4. Natural Language Processing. Addressing the communication shortfalls we saw through Covid, some solutions use technology to rapidly create up-to-the-minute knowledge summaries by analyzing text via natural language processing to predict patterns and respond faster. Analyzed sources may include news, disease surveillance reports, physicians’ clinical notes, and publications.
5. AI and Machine Learning. To sort through big data sets, some proposals look to embed artificial intelligence and machine learning to further our understanding of emerging data, such as unlocking routine blood tests, helping inform policy makers toward better informed decisions.
I’ve seen a few specific projects from outside The Trinity Challenge that seem to be heading in some similar directions. For example, a team from Broad Institute in Massachusetts has been tracking the genetic fingerprint of Covid-19 virus strains to identify where the virus spread. While contact-tracing individuals at massive numbers is nearly impossible – several U.S. states gave up the effort once infection numbers had gotten too high – tracing at this level becomes possible when you look at viral fingerprints rather than individuals’ interactions. The team at Broad was able to identify one person who carried a strain with a particular genetic mutation to a Biotech conference in February, which led to at least 245,000 infections of the same fingerprint across the U.S. and Europe.
In another example, in the early days of the pandemic scientists in Chicago used the pro-bono analytics work of Cambridge-based wastewater epidemiology company Biobot to investigate wastewater samples for traces of the novel coronavirus in city sewers, which can show up a week before cases become symptomatic. Their research enabled the city to track outbreaks on a larger scale than individual testing, and gave local governments several days’ extra lead time to act.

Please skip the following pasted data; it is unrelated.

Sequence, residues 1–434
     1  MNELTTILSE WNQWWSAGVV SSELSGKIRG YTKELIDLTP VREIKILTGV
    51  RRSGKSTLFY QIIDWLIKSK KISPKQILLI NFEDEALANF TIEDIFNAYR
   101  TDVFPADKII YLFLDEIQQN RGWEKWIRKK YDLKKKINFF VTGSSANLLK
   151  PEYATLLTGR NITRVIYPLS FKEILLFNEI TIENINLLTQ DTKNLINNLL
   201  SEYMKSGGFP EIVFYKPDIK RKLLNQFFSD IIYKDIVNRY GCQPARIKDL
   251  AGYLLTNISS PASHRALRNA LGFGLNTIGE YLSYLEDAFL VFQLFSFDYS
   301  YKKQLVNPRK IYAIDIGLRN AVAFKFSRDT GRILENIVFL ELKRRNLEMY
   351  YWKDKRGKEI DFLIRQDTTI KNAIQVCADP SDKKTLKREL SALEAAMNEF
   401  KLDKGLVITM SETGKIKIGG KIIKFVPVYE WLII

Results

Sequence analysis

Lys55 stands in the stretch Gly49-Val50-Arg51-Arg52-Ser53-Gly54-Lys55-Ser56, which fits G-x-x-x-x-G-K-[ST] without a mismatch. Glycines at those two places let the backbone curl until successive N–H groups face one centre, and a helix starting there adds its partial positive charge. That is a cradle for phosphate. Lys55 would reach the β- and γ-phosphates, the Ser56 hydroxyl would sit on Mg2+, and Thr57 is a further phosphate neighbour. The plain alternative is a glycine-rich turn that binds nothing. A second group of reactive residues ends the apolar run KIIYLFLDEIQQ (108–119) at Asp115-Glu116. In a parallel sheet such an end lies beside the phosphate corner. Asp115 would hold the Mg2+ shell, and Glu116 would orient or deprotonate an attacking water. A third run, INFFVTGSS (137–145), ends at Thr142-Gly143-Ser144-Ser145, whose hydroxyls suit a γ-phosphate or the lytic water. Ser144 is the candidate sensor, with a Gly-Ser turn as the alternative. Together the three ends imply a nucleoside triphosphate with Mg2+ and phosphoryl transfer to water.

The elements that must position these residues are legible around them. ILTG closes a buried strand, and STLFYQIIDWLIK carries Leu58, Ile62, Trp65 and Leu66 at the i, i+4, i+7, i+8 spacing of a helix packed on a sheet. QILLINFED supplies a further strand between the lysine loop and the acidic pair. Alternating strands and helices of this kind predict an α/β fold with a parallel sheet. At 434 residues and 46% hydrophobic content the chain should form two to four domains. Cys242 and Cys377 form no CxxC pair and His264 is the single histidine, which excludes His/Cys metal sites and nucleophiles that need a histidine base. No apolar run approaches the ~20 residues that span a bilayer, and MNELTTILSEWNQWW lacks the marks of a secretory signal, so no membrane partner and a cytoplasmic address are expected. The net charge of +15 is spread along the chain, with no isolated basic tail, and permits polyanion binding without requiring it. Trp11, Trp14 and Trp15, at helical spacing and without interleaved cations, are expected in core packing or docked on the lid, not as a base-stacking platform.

Also noteworthy is a new book by epidemiologist Adam Kucharski, an infectious disease expert at the London School of Hygiene & Tropical Medicine. The Rules of Contagion: Why Things Spread – and Why They Stop lays out a mathematical model of disease spread while addressing complex sociological issues surrounding disease control, from misinformation—which can spread like a disease—to gun violence.
Another promising research project comes from Dr. Paul Lantos of Duke University, who is studying the spatial epidemiology of infection: using geographic information software (GIS), his team found clusters of infection, noting that communities of color were more likely to test positive for the coronavirus; he addresses ways in which neighborhood density, household size, and socioeconomic status can predict risk.
Undoubtedly particants in The Trinity Challenge will draw upon some of the key lessons we have learned this past year: don’t underestimate the threat, focus on public education initiatives with centralized and coherent messaging, find the weakest link, and look to existing knowledge.
Looking at the obvious shortcomings in our management of the current pandemic, it’s clear we have our work cut out for us for the next one. When we have the technology and the resources, there’s simply no excuse to leave others out in the cold. This is the time to push for new solutions, backed by funding and data, to help the broadest possible swath of the global community. It’s an opportunity to push for the high-risk, but high yield types of
interventions that we are going to need to deal with longstanding threats to the health of global communities and new emerging pandemics. Which of the Trinity Challenge innovators will be chosen to actualize their winning solutions?